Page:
NEW YORK (Reuters) - As the Federal Reserve ramped up its bond purchases over the last several years, those justifying the unprecedented policy move often pointed to a U.S. unemployment rate that was heading steadily in the opposite direction.
The Fed, which holds a policy meeting this week and is set to begin unwinding the purchases as soon as next month, says they were needed to rescue the U.S. economy from an even deeper recession in 2007-2009 and to put it on a steady course in the years since.
Graphic for U.S. Real GDP Growth : tmsnrt.rs/2jCTq5K
Over that time, unemployment fell from a crisis-era peak of 10 percent to a 16-year low of 4.3 percent this year, about as low as economists think it can go before inflation starts to rise, forcing the Fed to tighten policy.
Graphic for U.S. Unemployment : tmsnrt.rs/2jCTGSg
Yet the U.S. central bank’s $3.5-trillion of Treasury and mortgage purchases over six years has failed to light a fire under price measures. Five years of below-target inflation and yet more weakness through much of this year has flummoxed Fed officials and even prompted some to shelve plans for further interest-rate hikes any time soon.
“My best guess is that over time core inflation is going to move somewhat higher as we see more of an impact from the tightening labor market, but that is a very slow process and not a very reliable one,” Jan Hatzius, chief economist at Goldman Sachs, said at the Council on Foreign Relations in New York last week.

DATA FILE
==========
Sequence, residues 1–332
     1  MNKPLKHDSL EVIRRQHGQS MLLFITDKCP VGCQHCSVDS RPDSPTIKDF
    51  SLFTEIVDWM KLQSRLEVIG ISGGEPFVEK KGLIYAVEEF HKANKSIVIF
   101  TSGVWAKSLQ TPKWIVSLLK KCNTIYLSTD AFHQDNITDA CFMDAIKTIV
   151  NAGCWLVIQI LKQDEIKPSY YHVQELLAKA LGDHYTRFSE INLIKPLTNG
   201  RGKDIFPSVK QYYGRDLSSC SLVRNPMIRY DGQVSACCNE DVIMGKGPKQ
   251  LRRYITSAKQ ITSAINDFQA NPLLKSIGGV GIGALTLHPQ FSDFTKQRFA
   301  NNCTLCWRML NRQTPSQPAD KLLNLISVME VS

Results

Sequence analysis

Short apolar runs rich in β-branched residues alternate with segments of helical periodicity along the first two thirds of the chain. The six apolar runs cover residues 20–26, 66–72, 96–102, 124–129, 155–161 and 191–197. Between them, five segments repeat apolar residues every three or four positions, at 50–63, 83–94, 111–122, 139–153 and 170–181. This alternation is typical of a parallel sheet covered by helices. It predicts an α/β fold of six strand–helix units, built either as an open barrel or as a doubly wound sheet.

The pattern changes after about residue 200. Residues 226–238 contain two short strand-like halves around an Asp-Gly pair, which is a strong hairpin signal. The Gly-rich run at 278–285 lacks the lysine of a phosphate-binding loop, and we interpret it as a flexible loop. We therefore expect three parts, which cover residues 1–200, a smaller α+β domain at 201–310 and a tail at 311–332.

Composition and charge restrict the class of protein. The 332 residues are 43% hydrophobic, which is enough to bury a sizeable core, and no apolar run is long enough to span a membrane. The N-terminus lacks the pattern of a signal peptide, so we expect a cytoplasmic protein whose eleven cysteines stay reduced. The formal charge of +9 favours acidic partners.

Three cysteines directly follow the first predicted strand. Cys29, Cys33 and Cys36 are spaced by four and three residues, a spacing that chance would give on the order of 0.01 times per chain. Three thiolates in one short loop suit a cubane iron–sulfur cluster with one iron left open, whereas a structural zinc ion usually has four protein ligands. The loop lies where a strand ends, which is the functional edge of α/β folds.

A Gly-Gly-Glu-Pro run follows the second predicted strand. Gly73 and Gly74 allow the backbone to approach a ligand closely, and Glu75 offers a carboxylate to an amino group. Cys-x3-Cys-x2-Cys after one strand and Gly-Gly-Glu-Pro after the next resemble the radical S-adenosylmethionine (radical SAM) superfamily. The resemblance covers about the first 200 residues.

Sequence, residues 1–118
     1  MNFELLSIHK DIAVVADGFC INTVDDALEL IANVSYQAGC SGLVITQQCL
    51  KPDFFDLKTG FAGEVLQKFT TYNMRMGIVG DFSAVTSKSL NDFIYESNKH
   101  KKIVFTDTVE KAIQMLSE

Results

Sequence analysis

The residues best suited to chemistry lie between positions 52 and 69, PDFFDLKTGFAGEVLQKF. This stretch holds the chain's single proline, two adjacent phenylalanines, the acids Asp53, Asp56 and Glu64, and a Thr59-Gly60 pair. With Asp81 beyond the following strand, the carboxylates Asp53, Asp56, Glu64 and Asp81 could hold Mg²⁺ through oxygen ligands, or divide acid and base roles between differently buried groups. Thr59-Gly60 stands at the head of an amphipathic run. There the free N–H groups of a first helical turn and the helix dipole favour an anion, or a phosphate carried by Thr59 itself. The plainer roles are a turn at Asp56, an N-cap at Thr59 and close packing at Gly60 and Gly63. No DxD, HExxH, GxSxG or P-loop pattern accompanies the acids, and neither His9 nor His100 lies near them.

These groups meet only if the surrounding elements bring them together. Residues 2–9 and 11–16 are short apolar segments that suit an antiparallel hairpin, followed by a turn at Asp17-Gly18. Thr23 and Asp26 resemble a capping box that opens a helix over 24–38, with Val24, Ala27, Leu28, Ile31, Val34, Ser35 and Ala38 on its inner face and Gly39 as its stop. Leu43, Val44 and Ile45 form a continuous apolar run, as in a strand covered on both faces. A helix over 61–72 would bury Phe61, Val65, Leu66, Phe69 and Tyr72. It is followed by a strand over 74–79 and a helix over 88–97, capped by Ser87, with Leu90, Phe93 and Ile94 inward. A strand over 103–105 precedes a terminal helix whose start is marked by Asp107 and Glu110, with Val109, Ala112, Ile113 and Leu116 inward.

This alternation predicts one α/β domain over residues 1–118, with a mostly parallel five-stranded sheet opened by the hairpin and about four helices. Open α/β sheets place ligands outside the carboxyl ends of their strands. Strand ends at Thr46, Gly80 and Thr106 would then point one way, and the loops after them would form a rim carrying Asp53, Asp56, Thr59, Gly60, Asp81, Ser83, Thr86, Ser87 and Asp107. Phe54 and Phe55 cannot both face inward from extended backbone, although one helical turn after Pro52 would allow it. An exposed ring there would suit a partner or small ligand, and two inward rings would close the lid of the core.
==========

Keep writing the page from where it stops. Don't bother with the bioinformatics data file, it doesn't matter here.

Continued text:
A one percentage-point drop in the unemployment rate translates into only a 0.10 to 0.15 percentage-point rise in inflation, he added of the theoretical link between the two measures.
Graphic for U.S. Core PCE Inflation: tmsnrt.rs/2jBvTSC
The most concerning piece of this puzzle is year after year of sluggish wage growth, which has not picked up despite robust job growth and employment, fueling concerns that American inequality has only risen over the course of an overall recovery that has left many behind.
Annual wage growth has been stuck at 2.5 percent this year, better than the sub-2-percent trend in 2010-2012 but worse than the roughly 3-percent growth before the recession.
Graphic for The legacy of the QE era Image: tmsnrt.rs/2jB8cd7
(For a full interactive graphic of the effects of Fed bond-buying on the economy and markets, see: tmsnrt.rs/2jxgbbf)
Reporting by Jonathan Spicer; Editing by Dan Burns